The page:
When Hanan felt another eye’s gaze on his Android, his first instinct was to tip it to the left to avoid intrusion. His second instinct was to tip it to the right to offer a better view. It was, after all, a fine and beautiful photograph of Yael, and while intimacy demanded a certain level of privacy, pride demanded a certain level of public display.
In an earlier age, perhaps, privacy would have won out, but in an earlier age he would not be gazing at a photograph of his girlfriend on an electronic device in the crowded waiting room of the Terem all-night emergency clinic in Talpiot. Were he, say, a member of Trumpeldor’s Labor Brigades back in pioneering days, one who had been taken on muleback to a doctor’s home in Yavna’el (had it been founded then?), because of, say, a burn on his shin from a misaimed bucket of hot asphalt, he would have had to conjure up Yael’s bare limbs in his mind’s eye and no one would have been able to peek. That body would have been his alone to see. But then no one else would know what a treasure he had and, face it, part of the enjoyment of a treasure is the admiration of those who don’t have it.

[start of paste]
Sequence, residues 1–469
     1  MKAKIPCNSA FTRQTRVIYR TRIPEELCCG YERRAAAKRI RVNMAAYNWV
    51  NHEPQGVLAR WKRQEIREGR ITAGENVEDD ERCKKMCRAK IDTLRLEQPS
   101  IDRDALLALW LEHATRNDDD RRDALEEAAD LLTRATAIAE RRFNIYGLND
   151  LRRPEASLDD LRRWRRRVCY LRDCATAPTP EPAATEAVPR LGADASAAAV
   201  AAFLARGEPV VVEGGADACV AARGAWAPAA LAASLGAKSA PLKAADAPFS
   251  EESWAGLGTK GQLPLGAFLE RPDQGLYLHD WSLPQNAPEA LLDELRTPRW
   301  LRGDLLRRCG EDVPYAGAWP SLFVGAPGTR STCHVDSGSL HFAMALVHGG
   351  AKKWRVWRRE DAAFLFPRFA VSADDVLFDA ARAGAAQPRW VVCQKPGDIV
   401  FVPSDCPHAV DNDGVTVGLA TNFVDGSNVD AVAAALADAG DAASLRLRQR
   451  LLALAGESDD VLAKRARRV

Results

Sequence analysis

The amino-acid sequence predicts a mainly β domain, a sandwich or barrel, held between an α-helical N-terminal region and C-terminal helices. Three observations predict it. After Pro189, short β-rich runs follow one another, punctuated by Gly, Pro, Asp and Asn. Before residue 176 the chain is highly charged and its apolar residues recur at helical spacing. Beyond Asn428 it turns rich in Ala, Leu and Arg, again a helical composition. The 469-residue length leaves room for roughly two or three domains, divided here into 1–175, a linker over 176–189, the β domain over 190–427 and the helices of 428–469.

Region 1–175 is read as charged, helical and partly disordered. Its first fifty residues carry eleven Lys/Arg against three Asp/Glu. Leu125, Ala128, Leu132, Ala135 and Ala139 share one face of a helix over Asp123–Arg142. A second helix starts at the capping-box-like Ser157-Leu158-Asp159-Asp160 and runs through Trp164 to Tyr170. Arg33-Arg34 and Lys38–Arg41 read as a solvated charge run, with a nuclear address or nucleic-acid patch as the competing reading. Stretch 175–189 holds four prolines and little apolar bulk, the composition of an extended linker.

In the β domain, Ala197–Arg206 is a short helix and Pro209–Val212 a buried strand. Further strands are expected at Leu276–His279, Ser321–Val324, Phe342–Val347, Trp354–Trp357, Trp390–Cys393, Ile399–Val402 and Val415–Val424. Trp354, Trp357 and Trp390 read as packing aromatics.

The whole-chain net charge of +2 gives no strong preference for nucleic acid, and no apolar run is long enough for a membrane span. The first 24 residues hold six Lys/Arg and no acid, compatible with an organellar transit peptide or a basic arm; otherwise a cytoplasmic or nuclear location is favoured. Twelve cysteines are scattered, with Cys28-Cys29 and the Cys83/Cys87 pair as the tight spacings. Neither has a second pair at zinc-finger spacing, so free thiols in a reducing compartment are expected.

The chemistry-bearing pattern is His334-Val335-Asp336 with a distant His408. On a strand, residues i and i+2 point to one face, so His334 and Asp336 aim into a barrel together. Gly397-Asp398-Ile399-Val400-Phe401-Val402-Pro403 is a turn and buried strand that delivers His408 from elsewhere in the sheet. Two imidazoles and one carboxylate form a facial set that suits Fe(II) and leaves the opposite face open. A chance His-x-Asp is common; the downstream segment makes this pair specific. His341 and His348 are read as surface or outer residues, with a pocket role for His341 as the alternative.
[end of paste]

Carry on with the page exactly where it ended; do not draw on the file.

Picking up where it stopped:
But it took only a fraction of a second for his peripheral vision to make out that the invasive but welcome gaze came from the eye of a small person dressed in a long-sleeve shirt, plaid with very wide blue stripes, tucked into brown corduroy trousers with an elastic waist. Above the eye was a black velvet kipah, and the head to which it belonged leaned lightly and lovingly on the forearm of a lean and tall man in a black suit and clipped beard with an open book on his lap from which he was reading to his son.
The boy dutifully turned his eyes to the book, but not for long. Hanan gave him a smile. The boy shifted in his chair and smiled cautiously.
“Tomorrow this sign shall come to pass,” the father intoned, pointing to the page and glancing at his son. “The Ben Ish Hai is talking here about a verse from the story of the plagues in Egypt. But we know that the word ‘sign’ doesn’t have to be a bad thing, a bunch of flies that got in the Egyptians’ beds and food and noses. A sign is also the mitzvot, the commandments that God has given the Jews, which are a sign of the covenant between the Holy One, Blessed be He, and his people.” And he explained how if you rearrange the Hebrew letters of the word “tomorrow,” which are MHR, you get RMH, which is the number 248, which is the number of limbs and organs of the human body, and also the number of positive injunctions in the Torah.
“How do we know there are that many?” the boy asked his father.
“We can count them in the Torah, like our Sages did,” the father replied.
“No, I mean the parts of the body.”
“Well, if you look at a person’s body, if you could see everything about it, you could count that many,” he explained.
“Let’s count,” said the boy, pointing to the photograph on Hanan’s phone.